Most I know do. The problem is that they're not sufficiently expert in the domain (in this case, health care) to determine the purpose, and the purpose the client gave them is wrong.
Specs aren't just some bureaucratic hoop that needs to be jumped through to get a developer to sit down and code, and they're not something a developer can just wing, and get right anyway, because they already knew what they were and were just being anal about getting you to write down.
They are important, and if they're not done properly, the dev will likely spend a lot of time doing the wrong thing correctly, and you will be billed for it.
No, it's really not. It's the name for a cluster running a virtualisation environment that lets you spin up virtual server instances quickly and easily.
It's an abstraction layer that sits between your clustered hardware, and your virtual machines.
It's a mobile. It's basically a rectangular screeen. There's not really much space for design innovation.
Besides, since when have mobiles not had rounded corners?
While that's true for lots of the objections raised, it isn't true for all of them. This, for example:
When Washington and Lee University in Lexington, Va., installed solar panels a few years ago, for example, the local utility, Dominion Virginia Power, threatened legal action. The utility said that only it could sell electricity in its service area.
Government-created incumbent monopolies seem to be playing their part as well.
The death of a language starts when developers leave it in droves for something else. I don't see that happeneing for Java. Do you?
Pretty much. Nobody I know starts a new project in Java. Sure, they'll maintain it, and if they already run it, they'll add new features to an existing Java system, but if I ask someone to start a new web project, and ask them what the best language to develop it in is, I don't know anyone that would say "Java" (whereas go back 10 years, and it would have been all I heard). And Java desktop apps never really took off.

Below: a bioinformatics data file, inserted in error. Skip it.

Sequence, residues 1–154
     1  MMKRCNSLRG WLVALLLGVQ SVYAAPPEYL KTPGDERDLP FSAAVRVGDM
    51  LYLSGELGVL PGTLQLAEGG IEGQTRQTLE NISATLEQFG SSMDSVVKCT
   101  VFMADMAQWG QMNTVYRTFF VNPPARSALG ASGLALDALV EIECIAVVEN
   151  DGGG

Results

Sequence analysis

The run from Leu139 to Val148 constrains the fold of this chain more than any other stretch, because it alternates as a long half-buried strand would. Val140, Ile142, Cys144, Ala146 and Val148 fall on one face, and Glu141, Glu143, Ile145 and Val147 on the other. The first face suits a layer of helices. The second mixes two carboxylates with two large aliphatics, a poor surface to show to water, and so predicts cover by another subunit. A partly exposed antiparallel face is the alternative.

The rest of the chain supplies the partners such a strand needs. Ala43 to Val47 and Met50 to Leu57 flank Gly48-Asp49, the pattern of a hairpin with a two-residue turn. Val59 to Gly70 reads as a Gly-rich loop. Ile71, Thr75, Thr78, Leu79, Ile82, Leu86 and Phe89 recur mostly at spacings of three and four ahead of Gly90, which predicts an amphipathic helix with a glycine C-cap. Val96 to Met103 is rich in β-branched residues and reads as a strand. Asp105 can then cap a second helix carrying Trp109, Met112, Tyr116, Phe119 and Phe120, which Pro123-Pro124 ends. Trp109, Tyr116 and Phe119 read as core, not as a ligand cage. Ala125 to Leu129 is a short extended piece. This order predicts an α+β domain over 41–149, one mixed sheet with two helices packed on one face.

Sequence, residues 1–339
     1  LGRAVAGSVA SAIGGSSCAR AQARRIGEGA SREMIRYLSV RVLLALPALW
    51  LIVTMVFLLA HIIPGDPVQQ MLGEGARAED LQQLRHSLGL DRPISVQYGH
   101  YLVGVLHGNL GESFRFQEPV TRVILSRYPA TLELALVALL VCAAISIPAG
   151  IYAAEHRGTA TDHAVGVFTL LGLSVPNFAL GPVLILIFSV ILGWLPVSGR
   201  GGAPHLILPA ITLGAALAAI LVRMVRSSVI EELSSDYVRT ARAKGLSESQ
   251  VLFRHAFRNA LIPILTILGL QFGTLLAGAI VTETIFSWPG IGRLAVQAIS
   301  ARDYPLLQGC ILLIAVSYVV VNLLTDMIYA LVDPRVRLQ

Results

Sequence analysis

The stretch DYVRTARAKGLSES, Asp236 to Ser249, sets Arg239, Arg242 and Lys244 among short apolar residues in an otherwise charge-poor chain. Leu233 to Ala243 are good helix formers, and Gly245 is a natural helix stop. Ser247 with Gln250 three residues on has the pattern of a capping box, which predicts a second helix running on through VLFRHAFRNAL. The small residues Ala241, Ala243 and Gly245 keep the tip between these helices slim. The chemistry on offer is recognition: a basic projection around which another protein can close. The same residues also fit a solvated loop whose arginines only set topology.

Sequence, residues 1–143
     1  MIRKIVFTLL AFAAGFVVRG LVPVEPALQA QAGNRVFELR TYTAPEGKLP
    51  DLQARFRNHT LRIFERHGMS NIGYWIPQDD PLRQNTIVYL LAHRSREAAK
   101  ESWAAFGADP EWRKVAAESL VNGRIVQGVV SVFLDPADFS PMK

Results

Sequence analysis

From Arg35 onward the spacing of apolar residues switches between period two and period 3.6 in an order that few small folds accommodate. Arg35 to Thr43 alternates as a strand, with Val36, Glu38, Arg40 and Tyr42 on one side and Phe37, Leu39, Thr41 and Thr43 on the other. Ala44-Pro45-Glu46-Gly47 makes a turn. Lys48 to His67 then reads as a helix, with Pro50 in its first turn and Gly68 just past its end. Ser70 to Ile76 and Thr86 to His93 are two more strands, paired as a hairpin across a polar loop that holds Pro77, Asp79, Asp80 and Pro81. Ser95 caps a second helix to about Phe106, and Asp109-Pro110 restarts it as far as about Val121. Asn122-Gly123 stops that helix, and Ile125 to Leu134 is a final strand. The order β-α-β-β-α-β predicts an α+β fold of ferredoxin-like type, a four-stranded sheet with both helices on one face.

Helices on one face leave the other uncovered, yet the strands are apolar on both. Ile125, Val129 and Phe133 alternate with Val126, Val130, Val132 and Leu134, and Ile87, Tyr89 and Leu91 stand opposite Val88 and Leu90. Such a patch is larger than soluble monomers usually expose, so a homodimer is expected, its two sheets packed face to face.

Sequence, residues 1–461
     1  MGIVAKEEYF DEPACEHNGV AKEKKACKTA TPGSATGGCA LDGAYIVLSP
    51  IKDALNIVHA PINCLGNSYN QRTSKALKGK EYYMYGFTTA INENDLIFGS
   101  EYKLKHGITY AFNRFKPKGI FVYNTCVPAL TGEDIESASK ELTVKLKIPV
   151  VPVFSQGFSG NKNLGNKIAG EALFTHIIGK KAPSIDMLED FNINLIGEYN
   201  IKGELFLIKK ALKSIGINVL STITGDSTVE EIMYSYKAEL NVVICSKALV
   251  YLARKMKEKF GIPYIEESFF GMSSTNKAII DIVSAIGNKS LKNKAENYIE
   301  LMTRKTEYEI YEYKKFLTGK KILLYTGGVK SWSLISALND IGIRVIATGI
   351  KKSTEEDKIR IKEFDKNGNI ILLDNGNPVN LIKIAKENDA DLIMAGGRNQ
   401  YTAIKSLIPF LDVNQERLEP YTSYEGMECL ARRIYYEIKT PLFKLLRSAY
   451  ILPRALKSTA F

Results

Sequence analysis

The only thing that's keeping Java relevant for new development is Google, with Android - and funnily enough, Oracle was busily involved in suing them over it. I feel like Oracle must be deliberately trying to run Java into the ground at this point.
My point is exactly the opposite - are they betting against old school power? This article just says they're *talking* against old school power. I'd be seeing where they put their money before I believe what they say.
The Sheldon character holds down a high paying job and manages to interact with an admittedly small circle of friends. He's already doing better than a good segment of the population.
Do you really think that an IRL Sheldon without script immunity would be able to do the same? The TV Sheldon also seems to be a pretty crap physicist, given to conspiracy theories, junk science, and an inability to distinguish between fiction and reality.
So an investment company has published reports.
Have they started pulling out of investments in power generation and transmission, then?
...is "professional journalism", and the "vibrant one" comprises bloggerss, press releases and Google Adwords, yes?
Professional journalism was dying long before the internet. Papers were spewing out nothing but press releases and rebadged wire stories long before blogging became a thing. The very fact that the newspapers were offering basically nothing is what allowed blogs to eat their lunch so thoroughly.